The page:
3) here are the things i like the most: novels and comics about normal people in bizarre situations, rap and jazz music, curry, 16 and 32 bit video games, basketball, baseball. Japan excels at all of these things (except basketball, and rap is debatable), and is the only country that has ever made good 16 and 32 bit video games (a Proven Fact). however, i don’t think i like any of these things _because_ they’re Japanese, and the Japaneseness of my favourite examples of any of these things, when it occurs, seems incidental at best.

4) i am Canadian in origin, and relocated to Japan 12 years ago. while i do enjoy a great deal of Japanese entertainment and culture (including food), i must tell you that, living here, the 90% rule still applies. that is, 90% of the cultural output i experience in Japan, just like everywhere else i've been on this planet, is complete bullshit (to me).

5) while i currently do enjoy a great deal of Japanese culture and entertainment, a significant percentage of the stuff i like the most right now seems to be coming from The Good Ol’ USA, England, and India. this includes books, podcasts, food, music. i seek it out because i am surrounded by Japanese stuff and experiencing only Japanese stuff would quickly drive me insane. it's hard to say the same would have happened in Canada because there is so little "Canadian stuff" (it's mostly stuff made by folks from other places), and so when i lived in Toronto (which was most of my life), i both intentionally sought out stuff that was not "from Canada" but also constantly encountered stuff that was, thankfully, obviously not from Canada, without trying, because it was everywhere. back then, enough of the not-from-Canada stuff that i enjoyed came from Japan (largely but not entirely for geo-economic reasons beyond my control) to convince me to invest effort in getting good at Japanese and then coming to Japan.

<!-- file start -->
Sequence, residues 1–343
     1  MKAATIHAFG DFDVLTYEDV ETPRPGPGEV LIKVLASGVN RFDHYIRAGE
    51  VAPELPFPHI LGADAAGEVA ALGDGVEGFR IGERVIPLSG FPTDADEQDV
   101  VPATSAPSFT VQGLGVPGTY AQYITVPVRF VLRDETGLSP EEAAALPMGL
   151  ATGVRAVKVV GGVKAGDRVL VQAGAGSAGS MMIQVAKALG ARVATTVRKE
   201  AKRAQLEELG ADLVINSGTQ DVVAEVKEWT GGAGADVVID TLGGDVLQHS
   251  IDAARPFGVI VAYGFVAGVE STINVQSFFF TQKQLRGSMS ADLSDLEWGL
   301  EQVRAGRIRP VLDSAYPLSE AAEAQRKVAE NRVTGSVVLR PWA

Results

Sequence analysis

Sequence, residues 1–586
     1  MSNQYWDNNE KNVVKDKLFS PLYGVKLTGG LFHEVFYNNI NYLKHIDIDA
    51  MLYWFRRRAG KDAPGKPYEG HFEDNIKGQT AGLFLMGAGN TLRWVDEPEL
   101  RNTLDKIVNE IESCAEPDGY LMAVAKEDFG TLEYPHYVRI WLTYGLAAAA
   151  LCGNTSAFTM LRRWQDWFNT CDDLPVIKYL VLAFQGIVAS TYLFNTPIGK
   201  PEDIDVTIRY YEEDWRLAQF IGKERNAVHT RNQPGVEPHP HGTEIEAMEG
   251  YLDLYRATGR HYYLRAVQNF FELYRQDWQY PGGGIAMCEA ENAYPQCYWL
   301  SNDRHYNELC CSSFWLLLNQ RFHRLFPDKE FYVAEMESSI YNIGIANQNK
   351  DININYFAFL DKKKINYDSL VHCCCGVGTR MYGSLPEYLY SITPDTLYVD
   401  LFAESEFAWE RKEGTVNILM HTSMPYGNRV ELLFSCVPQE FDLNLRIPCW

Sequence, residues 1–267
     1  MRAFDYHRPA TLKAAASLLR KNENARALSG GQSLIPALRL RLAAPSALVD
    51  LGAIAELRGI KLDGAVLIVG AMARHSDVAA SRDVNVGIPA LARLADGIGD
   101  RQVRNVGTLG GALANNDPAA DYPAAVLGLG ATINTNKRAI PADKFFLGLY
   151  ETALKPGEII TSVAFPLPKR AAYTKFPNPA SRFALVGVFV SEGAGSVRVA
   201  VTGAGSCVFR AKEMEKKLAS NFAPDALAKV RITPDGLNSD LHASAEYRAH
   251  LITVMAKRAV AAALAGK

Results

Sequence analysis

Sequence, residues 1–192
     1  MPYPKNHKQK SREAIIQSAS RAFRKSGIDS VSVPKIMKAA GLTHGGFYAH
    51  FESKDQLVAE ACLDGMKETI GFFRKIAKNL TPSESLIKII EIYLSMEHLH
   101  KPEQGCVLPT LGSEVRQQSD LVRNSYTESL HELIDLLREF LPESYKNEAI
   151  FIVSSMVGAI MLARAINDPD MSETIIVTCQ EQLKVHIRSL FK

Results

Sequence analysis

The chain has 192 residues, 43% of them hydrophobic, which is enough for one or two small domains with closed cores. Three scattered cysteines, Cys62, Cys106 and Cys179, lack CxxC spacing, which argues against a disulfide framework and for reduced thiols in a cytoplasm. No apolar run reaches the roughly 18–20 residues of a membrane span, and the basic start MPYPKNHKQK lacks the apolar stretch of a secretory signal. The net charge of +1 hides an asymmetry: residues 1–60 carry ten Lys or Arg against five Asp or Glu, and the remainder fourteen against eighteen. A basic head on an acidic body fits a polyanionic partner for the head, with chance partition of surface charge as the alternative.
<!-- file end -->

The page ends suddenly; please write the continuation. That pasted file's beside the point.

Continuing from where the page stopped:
5.5) i do love a lot of new, and new-to-me, Japanese stuff! i also still fiercely cherish the Japanese stuff that impacted me in my impressionable years.

6) maybe what it boils down to is: when you’re immersed in a culture (which all of us always are, unavoidably), there is a certain natural tendency to look outward, and see what else is out there. when your default culture is North American, you’ve got a few non-North American culture options presented to you without investing tremendous effort, some of which are major economic world powers. it's very easy to be exposed to Japanese, British, Chinese and (i think depending on if you’re in certain parts of America) Mexican cultural exports. plus if you have a direct family member that comes from another, different culture, then that culture also applies. they all offer great things to experience! it's pretty normal to latch onto aspects of any or all of them! i think until recently it was just really easy to accidentally get immersed in Japanese culture because Japan a) used to be the second biggest economy in the world, b) adopted and exploited the internet early, c) produces an unreasonably large amount of entertainment, much of which is just recognizable enough to North Americans to be different-and-interesting.

7) i mean look at younger kids nowadays: they still get exposed to some Japanese stuff, but less than i did! Minecraft, k-pop, Fortnite, TikTok... these are identifiably not-Japanese things, and Japan is already feeling the effects of less interest from weebs abroad.

8) i guess i wonder whether it's "Japaneseness" that is appealing, or whether it's really the "different from my culture" + "cool on an aesthetic level" + "extremely competently produced on a technical level" + "initially easily available _and then also_ rewarding to pursue as a fan/enthusiast/completionist" combination that spellbinds so many of us.